Welcome to the second post in the Web Services API Series.  Here I will describe what you can do with the SAINT API and what to pay attention to.   So stick with me and you will soon learn how you can take advantage of this tool that gives you the power to enhance your reporting experience.

What is SAINT?

SAINT is the tool for uploading classifications of data. In other words, it is a method for you to upload metadata to provide more detailed information about data in SiteCatalyst.  For example, you can classify a product with the products color, size, shape, weight, etc. with SAINT.

What is the SAINT API?

The SAINT API is an interface for you or developers at your company to interface with Omniture and build automatic classifications.  Let’s look at some examples.

Example 1:

Let’s say you want to classify keywords into branded and un-branded or product and general, but you have over 10,000 paid and natural search keywords.  Now that new intern might be kind of annoying and you want to give him a task that will keep him busy for a long LONG time. If you do that, who will get you coffee in the morning?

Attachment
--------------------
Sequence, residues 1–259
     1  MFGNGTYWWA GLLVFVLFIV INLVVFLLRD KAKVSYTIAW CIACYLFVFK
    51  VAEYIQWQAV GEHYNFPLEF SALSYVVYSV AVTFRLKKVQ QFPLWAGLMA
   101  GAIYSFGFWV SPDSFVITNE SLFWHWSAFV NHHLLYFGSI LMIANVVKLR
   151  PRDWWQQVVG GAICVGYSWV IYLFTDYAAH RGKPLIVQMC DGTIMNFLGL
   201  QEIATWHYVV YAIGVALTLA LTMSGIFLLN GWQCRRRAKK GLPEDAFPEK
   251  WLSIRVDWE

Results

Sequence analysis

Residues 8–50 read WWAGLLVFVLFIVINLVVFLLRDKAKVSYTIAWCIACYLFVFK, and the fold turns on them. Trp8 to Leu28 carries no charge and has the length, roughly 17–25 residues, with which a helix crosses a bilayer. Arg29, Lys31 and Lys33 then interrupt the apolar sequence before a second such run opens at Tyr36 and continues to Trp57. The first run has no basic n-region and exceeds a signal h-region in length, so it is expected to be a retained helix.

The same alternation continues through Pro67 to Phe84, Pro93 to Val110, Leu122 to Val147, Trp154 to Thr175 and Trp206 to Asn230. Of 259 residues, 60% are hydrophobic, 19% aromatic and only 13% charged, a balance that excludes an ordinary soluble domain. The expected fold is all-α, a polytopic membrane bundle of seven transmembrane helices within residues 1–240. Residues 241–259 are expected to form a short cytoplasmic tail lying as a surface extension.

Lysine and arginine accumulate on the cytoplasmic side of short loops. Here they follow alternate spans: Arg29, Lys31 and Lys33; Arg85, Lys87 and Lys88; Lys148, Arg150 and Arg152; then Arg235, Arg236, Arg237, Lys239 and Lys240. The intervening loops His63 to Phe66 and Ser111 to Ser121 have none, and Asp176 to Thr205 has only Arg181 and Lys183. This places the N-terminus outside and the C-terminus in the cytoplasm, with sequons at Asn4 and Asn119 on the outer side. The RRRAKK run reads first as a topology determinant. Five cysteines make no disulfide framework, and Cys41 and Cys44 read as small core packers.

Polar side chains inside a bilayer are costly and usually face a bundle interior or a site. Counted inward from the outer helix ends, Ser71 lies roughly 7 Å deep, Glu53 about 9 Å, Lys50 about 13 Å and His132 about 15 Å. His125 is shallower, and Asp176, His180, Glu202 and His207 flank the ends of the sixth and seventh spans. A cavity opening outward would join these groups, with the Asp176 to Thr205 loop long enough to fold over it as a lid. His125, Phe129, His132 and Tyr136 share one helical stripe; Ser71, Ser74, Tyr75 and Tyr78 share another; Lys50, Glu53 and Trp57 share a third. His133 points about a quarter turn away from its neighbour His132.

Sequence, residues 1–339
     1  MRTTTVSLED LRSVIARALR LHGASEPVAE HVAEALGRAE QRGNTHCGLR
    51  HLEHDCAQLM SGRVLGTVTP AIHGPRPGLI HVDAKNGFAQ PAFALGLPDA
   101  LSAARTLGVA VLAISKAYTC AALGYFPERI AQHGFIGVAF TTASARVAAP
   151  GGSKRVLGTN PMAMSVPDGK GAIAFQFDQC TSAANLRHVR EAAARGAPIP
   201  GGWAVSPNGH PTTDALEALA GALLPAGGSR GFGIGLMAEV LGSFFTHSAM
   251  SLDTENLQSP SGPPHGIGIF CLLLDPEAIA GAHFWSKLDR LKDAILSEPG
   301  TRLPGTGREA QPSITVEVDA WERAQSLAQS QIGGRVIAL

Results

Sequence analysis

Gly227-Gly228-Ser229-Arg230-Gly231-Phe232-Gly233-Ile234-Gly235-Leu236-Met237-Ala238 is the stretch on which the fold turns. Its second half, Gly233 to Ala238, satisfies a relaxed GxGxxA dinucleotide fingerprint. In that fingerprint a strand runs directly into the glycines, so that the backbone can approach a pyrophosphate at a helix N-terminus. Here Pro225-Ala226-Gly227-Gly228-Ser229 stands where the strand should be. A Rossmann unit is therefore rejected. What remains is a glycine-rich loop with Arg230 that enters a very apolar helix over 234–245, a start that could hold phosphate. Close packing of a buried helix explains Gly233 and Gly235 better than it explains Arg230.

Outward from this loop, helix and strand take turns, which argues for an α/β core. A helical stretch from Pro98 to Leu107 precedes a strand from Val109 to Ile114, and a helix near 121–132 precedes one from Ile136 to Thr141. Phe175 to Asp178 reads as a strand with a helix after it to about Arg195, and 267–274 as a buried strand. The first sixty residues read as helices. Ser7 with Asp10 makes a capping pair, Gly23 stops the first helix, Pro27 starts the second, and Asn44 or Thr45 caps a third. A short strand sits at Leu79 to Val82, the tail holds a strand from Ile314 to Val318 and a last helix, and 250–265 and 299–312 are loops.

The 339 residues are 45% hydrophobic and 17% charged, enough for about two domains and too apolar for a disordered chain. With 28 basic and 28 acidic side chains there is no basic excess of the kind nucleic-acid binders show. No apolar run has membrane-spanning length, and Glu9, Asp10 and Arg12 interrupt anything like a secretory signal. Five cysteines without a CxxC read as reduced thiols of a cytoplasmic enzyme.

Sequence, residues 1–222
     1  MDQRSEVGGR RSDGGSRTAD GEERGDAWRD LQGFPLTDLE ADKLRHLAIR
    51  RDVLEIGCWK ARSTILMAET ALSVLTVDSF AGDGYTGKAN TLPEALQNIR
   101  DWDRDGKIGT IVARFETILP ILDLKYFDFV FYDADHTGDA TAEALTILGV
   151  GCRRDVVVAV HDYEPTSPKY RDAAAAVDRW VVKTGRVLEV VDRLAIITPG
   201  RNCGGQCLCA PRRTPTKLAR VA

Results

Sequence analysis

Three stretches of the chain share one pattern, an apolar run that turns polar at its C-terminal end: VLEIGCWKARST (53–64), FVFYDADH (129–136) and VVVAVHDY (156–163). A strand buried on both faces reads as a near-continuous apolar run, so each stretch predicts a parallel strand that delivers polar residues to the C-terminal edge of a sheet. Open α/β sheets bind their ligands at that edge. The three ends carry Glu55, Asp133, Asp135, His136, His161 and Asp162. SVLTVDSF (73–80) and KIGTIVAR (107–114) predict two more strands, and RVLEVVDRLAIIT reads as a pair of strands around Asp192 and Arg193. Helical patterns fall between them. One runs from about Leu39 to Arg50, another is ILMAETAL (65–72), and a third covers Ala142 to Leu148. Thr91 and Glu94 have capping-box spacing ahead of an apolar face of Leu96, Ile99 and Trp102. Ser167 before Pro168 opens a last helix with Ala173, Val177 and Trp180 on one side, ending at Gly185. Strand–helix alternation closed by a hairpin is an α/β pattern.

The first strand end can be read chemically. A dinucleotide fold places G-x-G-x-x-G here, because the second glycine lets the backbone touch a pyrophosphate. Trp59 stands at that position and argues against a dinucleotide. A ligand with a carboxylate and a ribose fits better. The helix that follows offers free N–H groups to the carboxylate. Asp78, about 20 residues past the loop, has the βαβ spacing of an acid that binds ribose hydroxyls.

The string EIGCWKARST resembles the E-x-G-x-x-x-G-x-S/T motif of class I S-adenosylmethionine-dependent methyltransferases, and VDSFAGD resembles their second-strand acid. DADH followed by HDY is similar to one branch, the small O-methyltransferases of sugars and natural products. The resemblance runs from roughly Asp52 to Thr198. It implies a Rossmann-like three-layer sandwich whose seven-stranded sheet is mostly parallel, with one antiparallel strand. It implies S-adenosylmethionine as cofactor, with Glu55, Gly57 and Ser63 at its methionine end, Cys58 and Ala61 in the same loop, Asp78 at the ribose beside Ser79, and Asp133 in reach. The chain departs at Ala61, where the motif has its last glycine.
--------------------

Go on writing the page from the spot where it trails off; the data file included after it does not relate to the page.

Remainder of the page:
Solution 1:

We have a solution for your coffee problem.  Naturally, your keywords will have some pattern to them, such as your brand name, product name or branch name.  So you use these patterns to classify your keywords programmatically and then use the SAINT API to upload the data into SiteCatalyst.  It will take you less time to program it than it would to classify half of the keywords and you can use the same programming logic over and over again.